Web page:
By Rick Williams
Associate Director of Veterans Affairs, Youngstown State University
YOUNGSTOWN, Ohio – As I begin my 10th year as the main point of contact for all military-connected students at Youngstown State University, a phrase comes to mind that I heard often during my own 25-year Army career: “The only constant in life is change.”
When I first started my veteran-related duties in 2013, my office was on the third floor of Tod Hall. I jokingly described it as a “broom closet at the end of the hall.” But it was slightly larger than that. I had two small offices, a waiting area with two computer stations for students and a coffee machine. Back then, my primary responsibilities were to plan a couple of veteran-related events per school year, verify veteran status of students and process GI Bill applications for nearly 400 student-veterans.
What a difference 10 years can make. A year after accepting this position, the Veterans Resource Center was constructed on campus, which was funded by the generous donations of “military-loving” families in the community. At the time, YSU was the only university in Ohio with a center like ours. Thus began an effort to become the most veteran-friendly campus in the state.
The Office of Veterans Affairs at YSU now has two full-time employees, a graduate assistant, and seven VA work-study students. We pride ourselves in giving the best and most thorough service to our men and women who have, and still do, wear the uniform – and to their family members using veteran benefits. We like to say we guide them from admission to graduation and beyond.
Our mission statement says it best:
“The Veterans Resource Center enhances the academic, professional, and individual success of veterans, service members and their families. We are steadfastly committed to supporting our military community in all areas of higher education: military education benefits, academic success, graduation, career and professional development, and overall well-being.”
While guiding prospective student-veterans during the admissions process, we evaluate their personal situations to determine qualification status for any of the VA education programs, military tuition assistance programs and any other federal and state funding sources.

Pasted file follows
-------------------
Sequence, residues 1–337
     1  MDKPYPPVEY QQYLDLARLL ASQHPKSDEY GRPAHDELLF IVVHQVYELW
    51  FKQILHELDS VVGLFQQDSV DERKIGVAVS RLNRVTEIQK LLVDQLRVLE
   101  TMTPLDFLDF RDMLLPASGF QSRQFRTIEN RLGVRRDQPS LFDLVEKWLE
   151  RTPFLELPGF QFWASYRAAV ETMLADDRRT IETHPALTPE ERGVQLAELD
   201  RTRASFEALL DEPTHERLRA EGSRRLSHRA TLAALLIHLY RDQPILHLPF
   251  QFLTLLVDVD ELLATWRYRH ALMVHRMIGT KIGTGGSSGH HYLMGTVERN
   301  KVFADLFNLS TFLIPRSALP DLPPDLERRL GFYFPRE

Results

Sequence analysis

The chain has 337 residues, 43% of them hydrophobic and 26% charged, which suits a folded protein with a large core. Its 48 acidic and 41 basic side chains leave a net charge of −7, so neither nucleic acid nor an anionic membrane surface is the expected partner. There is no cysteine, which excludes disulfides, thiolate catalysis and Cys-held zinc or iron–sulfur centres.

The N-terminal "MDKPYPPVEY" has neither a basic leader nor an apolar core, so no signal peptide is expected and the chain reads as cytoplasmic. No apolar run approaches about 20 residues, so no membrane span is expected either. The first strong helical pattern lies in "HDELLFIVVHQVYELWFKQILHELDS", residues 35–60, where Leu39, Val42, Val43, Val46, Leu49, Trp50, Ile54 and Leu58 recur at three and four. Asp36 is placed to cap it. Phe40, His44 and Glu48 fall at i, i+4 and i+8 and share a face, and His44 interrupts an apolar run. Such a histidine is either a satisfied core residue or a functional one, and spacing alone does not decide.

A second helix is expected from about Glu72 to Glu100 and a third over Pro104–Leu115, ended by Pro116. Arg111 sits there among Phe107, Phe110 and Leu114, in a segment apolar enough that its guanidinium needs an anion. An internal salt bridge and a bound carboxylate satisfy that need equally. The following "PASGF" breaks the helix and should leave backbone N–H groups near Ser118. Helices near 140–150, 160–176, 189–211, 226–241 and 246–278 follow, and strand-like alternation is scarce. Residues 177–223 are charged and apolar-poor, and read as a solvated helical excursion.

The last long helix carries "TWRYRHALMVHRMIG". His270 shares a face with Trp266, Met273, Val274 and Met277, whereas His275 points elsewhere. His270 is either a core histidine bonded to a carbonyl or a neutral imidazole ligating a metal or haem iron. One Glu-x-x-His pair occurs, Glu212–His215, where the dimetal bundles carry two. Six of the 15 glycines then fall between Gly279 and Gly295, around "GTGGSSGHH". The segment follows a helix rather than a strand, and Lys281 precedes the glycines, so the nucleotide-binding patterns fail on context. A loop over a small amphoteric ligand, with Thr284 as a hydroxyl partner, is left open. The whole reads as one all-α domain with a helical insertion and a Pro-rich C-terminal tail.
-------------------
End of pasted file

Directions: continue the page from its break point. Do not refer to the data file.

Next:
Our office collaboratively analyzes all military training to determine applicability to college credit toward degree completion. Depending on several factors, YSU awards a minimum of six credit hours for basic training and a varying number of credits for technical and professional training.
Once admitted and enrolled, we guide the student as he progresses toward graduation. Some veterans have been away from academics for many years. So we have agreements with the Math Assistance Center and the Writing Center on campus to provide dedicated tutors to help them reacquire these important skills. We also advocate for student-veterans should conflicts arise between their coursework and service-related situations.
For example, if a student is called to duty during the semester, we work with the registrar and bursar to pause his academic pursuits without negatively impacting his financial aid or incurring any debts.
The Office of Veterans Affairs also takes pride in helping the student veterans find work after they graduate. We counsel them on résumé writing and interview skills, and provide information about job fairs for veterans. A search engine on our website guides them to military-friendly employers.
Today, YSU serves nearly 240 student veterans and another 70 dependents that use veteran benefits. While veteran enrollment has decreased over the last 10 years, our services to student veterans has greatly increased. This is one of many reasons why YSU was honored in May as one of the first Collegiate Purple Star Institutions in Ohio.
Pictured at top: Carl A. Nunziato Veterans Resources Center at YSU